How to Buy a Car & Win! - a buyer's guide by John F. Franklin

 

When I first started selling cars I was so excited to go to work every day that I would arrive an hour early and each sale was like winning a hand of blackjack. I made more money than ever before and had dreams of owning a big house and buying a Dodge Viper.

 

After a few years I bought a lake home and a few cars - none of them a Viper – and each year I took my family on nice vacations. We had a pretty good life going, but with each car sale the high of selling diminished, until I was at the point where I no longer wanted to talk to customers, and selling cars became like digging ditches for me.

 

Each day I looked around the dealership and wondered what I was accomplishing in doing this job. What was I contributing to humanity?  I thought probably nothing, and felt I was not only not contributing, but making things worse for some people. What was my legacy going to be? When I lay on my death bed, what would I have to look back on and be proud of in my career? Nothing I thought. In fact I felt I might be ashamed of myself.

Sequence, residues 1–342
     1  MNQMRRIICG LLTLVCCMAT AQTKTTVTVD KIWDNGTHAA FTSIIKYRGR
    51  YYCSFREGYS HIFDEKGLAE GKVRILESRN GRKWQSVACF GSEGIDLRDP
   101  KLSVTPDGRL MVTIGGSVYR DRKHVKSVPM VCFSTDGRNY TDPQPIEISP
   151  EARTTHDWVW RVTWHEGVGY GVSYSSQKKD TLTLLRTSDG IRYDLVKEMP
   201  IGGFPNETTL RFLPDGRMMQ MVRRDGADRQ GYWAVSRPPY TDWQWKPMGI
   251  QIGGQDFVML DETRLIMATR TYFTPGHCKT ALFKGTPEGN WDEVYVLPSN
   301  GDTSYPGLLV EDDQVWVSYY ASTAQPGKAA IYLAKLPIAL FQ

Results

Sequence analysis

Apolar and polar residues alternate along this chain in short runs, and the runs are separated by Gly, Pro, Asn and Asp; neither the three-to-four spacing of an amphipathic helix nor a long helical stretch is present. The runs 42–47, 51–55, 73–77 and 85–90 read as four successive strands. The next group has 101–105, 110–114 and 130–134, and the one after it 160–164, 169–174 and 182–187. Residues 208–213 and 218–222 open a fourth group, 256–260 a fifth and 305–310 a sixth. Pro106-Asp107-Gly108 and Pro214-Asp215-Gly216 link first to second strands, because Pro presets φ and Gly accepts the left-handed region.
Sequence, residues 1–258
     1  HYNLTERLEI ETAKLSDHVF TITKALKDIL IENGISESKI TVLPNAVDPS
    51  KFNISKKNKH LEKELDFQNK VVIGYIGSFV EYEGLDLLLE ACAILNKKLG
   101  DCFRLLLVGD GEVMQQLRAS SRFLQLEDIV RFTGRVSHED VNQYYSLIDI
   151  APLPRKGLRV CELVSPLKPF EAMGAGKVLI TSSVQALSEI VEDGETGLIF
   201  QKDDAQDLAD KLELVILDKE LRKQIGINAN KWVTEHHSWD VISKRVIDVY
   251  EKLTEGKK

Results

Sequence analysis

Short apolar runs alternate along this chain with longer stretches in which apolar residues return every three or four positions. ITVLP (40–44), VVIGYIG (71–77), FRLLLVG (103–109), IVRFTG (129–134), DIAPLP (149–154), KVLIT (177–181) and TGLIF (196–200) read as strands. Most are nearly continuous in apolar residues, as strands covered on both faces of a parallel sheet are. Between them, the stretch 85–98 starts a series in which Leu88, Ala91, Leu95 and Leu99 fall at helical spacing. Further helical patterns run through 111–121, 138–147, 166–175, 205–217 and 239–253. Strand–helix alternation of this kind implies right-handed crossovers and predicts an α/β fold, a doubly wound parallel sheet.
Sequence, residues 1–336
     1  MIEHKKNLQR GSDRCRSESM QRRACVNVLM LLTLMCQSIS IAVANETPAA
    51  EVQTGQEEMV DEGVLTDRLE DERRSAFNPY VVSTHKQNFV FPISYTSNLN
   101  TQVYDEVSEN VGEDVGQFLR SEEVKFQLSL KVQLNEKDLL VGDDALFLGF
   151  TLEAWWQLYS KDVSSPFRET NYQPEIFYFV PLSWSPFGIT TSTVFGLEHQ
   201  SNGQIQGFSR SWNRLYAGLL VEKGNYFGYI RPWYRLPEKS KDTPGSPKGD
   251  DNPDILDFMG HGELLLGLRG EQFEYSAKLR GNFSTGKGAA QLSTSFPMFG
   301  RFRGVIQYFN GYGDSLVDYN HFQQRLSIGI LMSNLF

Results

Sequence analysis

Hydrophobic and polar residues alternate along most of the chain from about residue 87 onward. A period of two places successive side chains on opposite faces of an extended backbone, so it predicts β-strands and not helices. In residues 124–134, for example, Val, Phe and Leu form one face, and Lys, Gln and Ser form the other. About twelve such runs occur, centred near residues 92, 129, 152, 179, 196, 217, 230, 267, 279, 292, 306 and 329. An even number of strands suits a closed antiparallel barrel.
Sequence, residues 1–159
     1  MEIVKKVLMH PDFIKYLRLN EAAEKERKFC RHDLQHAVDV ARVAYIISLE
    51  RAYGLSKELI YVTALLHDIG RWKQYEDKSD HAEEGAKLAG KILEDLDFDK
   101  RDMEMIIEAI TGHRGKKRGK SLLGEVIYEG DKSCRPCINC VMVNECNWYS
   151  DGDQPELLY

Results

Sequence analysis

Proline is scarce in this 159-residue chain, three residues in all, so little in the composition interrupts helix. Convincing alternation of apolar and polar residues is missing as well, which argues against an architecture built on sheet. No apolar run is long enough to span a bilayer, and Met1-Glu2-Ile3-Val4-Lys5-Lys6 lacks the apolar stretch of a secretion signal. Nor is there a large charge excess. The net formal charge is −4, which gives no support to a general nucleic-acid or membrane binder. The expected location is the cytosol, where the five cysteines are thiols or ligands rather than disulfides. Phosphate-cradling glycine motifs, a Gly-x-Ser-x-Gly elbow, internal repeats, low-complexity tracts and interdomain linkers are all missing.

I had always toyed with the idea of becoming a writer, so one day after my boss really pissed me off, I decided I would write a tell-all book about how to buy a car and beat the dealers at their own game. I really didn't want to write about the car business, but they say write about what you know, so that's what I did. The result you see before you now.

 

The funny thing is that in writing this book I found a new value in what I do. I always knew that the purchase of a car is a momentous event in a person's life. It's the second largest purchase most people will make – second only to a house – and if people don't do it right it can mess up their lives for a long time.

 

While writing the book I realized I'm in a position to make a real impact on people. I can ease their fear, give them good advice, make sure the car they are buying is sound, and watch out for their financial interests. To me these are important, far-reaching areas in which to help people. I can make sure everyone I work with gets a fair deal, while the dealership gets their fair share, and I get mine.

 

Now with the publishing of this book I hope to improve people's lives even more, by empowering those customers whom I will never get the opportunity to meet. By doing this I hope to improve a tarnished industry and make it function a little more smoothly, thereby helping the world function a little more smoothly. That's a legacy I can live with.

 

So I'm a car salesman with a conscience – go figure. My boss would probably fire me if he found out.

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